MA student Dagan Naeser said he had been “disappointed” by several university structures, including the SRC. He said when he arrived at Rhodes in 2018, the first meeting he attended at his residence was about activism, transformation, and inclusivity.
Naeser said he had never experienced such overt homophobia at Rhodes. But, he said he was proud that Rhodes students were proudly condemning violent speech that could lead to harm to the LGBTQIA+ community.
He said he was disappointed with the IEB. A presidential candidate should not be allowed to say such demeaning words. “That there are no consequences said a lot about the institution,” Naeser said.
“How many reses are there at Rhodes? And not a single activism and transformation representative on the res house committees had a thing to say?”
Naeser said some of these res activism and transformation representatives were running for the SRC but were “dead silent” about the matter.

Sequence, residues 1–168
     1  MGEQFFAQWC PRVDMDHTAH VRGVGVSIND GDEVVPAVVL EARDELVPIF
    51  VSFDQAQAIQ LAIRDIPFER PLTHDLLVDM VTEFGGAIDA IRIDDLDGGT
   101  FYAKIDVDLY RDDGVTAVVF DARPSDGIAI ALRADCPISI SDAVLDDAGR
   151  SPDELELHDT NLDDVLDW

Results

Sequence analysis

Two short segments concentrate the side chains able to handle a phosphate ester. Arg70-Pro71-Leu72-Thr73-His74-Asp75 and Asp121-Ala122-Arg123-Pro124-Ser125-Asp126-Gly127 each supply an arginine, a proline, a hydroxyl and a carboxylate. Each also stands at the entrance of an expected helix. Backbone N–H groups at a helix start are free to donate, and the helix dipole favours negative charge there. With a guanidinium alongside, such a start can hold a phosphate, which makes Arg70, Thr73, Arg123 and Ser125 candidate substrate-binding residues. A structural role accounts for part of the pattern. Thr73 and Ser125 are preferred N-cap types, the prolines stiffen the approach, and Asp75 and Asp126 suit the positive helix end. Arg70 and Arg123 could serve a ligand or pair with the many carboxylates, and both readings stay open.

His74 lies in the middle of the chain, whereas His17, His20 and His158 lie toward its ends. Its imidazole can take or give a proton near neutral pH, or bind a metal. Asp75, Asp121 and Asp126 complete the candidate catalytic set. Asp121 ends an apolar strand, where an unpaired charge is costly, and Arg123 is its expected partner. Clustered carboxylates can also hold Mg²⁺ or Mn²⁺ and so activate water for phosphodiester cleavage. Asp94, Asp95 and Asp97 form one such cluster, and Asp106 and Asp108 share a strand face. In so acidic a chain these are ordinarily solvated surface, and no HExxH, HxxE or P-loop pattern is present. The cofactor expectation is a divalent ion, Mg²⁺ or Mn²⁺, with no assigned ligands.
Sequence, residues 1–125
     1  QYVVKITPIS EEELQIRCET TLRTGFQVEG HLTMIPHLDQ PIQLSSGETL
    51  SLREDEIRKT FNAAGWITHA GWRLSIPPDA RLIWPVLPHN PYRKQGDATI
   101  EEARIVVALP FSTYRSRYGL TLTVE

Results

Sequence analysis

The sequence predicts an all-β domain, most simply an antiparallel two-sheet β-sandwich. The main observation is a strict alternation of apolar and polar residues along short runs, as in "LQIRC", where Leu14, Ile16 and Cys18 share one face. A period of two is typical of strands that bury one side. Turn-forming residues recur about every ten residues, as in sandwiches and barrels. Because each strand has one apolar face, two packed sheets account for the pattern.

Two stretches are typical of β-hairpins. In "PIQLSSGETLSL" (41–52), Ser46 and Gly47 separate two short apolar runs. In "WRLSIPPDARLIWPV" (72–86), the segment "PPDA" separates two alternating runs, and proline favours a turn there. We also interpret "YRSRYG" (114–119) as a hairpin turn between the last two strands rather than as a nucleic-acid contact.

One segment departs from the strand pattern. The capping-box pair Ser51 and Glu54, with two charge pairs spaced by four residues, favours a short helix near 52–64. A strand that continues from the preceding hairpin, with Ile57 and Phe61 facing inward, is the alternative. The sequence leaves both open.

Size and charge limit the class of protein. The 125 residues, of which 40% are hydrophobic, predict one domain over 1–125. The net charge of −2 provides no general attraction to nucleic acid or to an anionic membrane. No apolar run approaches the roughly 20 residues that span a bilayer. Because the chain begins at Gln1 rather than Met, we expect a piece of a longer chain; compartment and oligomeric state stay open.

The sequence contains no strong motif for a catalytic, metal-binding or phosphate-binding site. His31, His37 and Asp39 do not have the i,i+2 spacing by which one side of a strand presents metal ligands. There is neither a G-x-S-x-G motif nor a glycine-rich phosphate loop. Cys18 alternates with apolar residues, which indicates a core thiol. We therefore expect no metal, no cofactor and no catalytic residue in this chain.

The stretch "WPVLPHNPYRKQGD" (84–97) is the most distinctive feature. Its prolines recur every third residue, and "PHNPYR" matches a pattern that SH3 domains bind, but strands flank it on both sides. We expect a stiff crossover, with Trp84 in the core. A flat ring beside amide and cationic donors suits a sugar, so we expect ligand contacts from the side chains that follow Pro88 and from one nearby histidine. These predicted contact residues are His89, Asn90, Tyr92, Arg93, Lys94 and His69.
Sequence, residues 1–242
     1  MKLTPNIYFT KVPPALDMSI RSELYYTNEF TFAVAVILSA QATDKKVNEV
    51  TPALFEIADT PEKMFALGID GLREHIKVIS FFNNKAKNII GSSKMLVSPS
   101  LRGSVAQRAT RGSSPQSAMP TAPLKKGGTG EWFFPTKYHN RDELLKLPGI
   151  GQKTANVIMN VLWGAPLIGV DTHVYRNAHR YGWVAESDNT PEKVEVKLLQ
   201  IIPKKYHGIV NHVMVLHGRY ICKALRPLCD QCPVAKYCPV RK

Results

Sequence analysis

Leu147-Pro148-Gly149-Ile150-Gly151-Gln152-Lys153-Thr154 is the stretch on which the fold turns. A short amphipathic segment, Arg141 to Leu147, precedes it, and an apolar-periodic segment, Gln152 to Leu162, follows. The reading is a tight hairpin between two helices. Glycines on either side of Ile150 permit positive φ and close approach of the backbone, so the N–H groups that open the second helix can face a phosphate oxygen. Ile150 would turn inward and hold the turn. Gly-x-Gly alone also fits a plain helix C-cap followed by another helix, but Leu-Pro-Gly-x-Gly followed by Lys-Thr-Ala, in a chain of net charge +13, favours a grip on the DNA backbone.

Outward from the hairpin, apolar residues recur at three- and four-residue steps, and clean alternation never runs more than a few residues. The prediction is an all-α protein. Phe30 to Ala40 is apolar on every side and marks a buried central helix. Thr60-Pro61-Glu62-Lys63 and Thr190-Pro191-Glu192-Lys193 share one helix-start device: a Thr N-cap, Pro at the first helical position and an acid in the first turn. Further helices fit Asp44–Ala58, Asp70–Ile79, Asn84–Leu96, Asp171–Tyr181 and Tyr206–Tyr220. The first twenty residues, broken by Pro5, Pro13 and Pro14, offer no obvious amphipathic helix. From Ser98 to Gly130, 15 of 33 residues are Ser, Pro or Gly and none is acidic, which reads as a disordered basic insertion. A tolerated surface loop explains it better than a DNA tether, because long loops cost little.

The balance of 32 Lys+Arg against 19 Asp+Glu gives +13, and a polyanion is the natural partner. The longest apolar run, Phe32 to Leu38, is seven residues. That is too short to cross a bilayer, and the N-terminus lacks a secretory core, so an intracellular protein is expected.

“Rhodes has these documents that talk about transformation, but nothing is done when push comes to shove. It’s fairly disappointing, and I can’t believe that I am protesting about this in 2022,” he said.
A student petition with over 500 signatures condemning the candidate, and calling on the IEB, SRC, and Rhodes to take action, is being circulated, according to Rubenstein.
“The inaction of the IEB, the SRC’s silence, and Rhodes University’s refusal to disqualify this misogynistic, transphobic and homophobic candidate disgust me. Those running for SRC should refuse to attend any ‘grazzle’ that includes him,” Rubenstein said. “This man and his Stone Age beliefs have no place on campus.”
In an interview with Grocott’s Mail on Thursday, Vamva said he had not been afforded the opportunity to present his candidacy. “Some had placards on my face and covered my written speech with them. Some issued threats by asking how I would survive once I left the grazzle. I said the Campus Protection Unit would protect me.”